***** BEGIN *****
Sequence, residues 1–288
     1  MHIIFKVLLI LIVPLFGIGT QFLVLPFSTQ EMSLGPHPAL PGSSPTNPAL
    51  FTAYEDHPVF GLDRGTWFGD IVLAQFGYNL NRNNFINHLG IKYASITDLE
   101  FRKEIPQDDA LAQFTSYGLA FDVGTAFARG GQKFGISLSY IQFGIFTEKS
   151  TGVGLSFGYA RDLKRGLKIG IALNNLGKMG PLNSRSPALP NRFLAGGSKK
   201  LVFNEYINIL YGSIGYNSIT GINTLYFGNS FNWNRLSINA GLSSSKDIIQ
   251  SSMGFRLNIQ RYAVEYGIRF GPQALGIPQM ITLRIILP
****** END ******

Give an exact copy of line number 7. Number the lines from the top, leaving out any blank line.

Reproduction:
   251  SSMGFRLNIQ RYAVEYGIRF GPQALGIPQM ITLRIILP